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DTS-HD Master Audio is a lossless audio codec created by Digital Theater System. It was previously known as DTS++. It is an extension of DTS which, when played back on devices which do not support the Master Audio or High Resolution extension, degrades to a "core" track which is lossy. DTS-HD Master Audio is an optional audio format for Blu-ray Disc format exclusively. DTS-HD Master Audio has been steadily becoming the standard for Blu-ray lossless audio format.

One goal of the DTS-HD Master Audio format was to allow a bit-to-bit representation of the original movie's studio master soundtrack. To accomplish this, DTS-HD MA supports variable bit rates up to 24.5 Mbit/s on a Blu-ray Disc and up to 18.0 Mbit/s for HD DVD. The format supports a maximum of 192 kHz sampling frequency and 24-bit depth samples from 2 to 5.1 channels, and 96 kHz/24bit resolution up to 7.1 channels.

DTS-HD is capable of virtually any number of discrete channels (over 2000) but is limited by storage media.

According to DTS-HD White Paper, the DTS-HD Master Audio contains 2 data streams: the original DTS core stream and the additional "residual" stream which contains the "difference" between the original signal and the lossy compression DTS core stream. The audio signal is split into two paths at the input to the encoder. One path goes to the core encoder for backwards compatibility and is then decoded. The other path compares the original audio to the decoded core signal and generates residuals, which are data over and above what the core contains that is needed to restore the original audio as bit-for-bit identical to the original. The residual data is then encoded by a lossless encoder and packed together with the core. The decoding process is simply the reverse. Note that DTS-HD lossless audio coding is always variable bit rate.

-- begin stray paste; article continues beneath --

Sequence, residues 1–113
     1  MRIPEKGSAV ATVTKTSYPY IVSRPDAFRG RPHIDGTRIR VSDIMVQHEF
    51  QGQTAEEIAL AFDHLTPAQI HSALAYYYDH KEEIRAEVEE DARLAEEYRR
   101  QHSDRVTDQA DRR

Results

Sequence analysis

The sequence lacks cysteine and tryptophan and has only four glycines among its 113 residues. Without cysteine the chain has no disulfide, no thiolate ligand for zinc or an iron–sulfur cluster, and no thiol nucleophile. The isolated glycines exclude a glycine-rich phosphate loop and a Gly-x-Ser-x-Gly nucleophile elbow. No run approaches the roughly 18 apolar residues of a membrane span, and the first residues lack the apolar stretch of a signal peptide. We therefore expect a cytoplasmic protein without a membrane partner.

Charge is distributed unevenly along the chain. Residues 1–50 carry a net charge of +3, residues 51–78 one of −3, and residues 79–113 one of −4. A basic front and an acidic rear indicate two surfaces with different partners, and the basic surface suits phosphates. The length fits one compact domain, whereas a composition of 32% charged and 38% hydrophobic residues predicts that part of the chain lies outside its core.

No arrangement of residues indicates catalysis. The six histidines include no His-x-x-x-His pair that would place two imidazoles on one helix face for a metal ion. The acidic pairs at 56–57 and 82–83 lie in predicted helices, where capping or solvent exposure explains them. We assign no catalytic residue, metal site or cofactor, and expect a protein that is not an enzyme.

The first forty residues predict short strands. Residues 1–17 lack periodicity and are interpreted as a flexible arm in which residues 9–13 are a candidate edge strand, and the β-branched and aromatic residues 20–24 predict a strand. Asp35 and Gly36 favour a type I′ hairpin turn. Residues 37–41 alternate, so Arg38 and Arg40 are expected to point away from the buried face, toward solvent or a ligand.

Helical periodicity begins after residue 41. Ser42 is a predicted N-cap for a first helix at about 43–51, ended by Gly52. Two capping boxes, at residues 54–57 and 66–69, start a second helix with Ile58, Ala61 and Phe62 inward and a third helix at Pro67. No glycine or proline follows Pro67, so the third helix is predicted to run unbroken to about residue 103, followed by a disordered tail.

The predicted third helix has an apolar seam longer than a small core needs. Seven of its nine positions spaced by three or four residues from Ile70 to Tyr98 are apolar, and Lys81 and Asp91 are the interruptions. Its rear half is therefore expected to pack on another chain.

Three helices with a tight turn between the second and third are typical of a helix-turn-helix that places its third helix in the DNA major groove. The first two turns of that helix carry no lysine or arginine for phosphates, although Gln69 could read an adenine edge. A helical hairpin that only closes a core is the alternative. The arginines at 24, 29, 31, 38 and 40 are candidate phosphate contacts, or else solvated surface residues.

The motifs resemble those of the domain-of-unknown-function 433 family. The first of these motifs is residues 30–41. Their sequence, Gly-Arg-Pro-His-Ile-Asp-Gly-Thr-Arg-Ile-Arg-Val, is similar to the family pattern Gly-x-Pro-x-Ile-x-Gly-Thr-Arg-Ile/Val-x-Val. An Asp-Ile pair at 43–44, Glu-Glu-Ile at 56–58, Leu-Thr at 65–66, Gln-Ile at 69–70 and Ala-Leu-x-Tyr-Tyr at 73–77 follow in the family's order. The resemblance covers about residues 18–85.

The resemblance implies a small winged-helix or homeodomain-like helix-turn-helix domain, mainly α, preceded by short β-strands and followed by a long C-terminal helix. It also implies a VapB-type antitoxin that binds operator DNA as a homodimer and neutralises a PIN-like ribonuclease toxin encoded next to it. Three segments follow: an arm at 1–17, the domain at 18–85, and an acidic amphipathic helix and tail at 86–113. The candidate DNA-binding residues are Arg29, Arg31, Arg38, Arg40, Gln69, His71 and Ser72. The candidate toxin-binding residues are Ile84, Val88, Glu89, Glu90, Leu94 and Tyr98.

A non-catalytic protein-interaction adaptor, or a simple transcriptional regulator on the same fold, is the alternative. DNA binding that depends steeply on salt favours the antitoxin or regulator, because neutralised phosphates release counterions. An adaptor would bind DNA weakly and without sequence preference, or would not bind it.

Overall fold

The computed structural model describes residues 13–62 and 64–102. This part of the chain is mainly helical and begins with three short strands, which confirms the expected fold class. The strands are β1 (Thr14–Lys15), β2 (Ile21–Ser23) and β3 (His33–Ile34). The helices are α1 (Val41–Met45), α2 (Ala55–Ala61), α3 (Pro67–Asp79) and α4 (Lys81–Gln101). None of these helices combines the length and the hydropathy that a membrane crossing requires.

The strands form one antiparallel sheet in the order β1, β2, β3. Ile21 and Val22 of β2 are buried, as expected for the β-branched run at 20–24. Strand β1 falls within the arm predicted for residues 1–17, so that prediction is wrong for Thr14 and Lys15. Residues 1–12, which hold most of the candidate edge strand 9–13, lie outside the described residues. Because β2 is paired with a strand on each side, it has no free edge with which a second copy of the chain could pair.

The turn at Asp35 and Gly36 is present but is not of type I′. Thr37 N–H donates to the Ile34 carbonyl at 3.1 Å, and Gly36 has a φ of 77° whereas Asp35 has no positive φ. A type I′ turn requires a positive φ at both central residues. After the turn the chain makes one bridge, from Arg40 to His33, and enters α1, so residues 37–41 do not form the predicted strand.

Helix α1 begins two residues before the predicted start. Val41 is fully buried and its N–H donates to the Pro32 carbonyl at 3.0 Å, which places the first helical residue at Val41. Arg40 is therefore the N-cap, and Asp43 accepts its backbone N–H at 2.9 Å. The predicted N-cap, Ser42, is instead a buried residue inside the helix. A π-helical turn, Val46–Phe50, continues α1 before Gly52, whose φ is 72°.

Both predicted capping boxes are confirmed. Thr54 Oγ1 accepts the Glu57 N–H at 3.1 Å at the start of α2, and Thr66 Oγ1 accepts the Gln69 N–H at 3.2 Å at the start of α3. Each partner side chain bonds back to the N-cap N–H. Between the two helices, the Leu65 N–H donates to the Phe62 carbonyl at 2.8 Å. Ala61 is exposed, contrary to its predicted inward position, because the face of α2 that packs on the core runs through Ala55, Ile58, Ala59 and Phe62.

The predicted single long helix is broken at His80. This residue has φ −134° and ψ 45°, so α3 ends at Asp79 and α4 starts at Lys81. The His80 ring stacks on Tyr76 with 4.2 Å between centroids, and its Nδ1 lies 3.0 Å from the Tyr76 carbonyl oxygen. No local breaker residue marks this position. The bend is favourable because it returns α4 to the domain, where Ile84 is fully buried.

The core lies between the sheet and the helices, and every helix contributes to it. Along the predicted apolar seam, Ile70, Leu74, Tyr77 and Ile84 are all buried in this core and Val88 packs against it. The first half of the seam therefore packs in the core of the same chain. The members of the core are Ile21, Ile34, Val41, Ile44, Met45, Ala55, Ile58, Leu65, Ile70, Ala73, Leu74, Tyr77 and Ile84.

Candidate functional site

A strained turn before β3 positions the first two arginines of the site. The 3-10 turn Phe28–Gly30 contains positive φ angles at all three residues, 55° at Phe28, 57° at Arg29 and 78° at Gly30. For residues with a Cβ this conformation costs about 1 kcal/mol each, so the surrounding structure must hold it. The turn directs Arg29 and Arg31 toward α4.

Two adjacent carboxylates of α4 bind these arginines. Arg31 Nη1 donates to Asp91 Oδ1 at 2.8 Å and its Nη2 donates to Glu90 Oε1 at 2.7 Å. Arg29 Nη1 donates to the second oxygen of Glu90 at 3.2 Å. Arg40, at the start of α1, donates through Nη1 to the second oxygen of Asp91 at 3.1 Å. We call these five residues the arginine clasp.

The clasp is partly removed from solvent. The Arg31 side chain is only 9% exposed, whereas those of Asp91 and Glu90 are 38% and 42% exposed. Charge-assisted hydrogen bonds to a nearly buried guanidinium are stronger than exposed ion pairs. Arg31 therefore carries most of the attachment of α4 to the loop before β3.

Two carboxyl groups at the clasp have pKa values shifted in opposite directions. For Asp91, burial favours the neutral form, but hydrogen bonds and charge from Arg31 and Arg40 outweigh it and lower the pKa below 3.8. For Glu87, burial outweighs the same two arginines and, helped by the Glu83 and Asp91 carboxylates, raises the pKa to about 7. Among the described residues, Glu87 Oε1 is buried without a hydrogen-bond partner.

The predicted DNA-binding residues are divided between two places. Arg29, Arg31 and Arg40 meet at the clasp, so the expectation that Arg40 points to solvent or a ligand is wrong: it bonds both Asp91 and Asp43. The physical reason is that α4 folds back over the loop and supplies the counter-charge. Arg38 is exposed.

DTS-HD Master Audio may be transported to AV receivers in 5.1, 6.1 or 7.1 channels, at lossless quality, in one of three ways depending on player and/or receiver support:

  • Over 6, 7 or 8 RCA connectors as analog audio, using the player's internal decoder and digital-to-analog converter (DAC).
  • Over HDMI 1.1 (or higher) connections as 6-, 7- or 8-channel linear PCM, using the player's decoder and the AV receiver's DAC.
  • Over HDMI 1.3 (or higher) connections as the original DTS-HD Master Audio bitstream, with decoding and DAC both done by the AV receiver.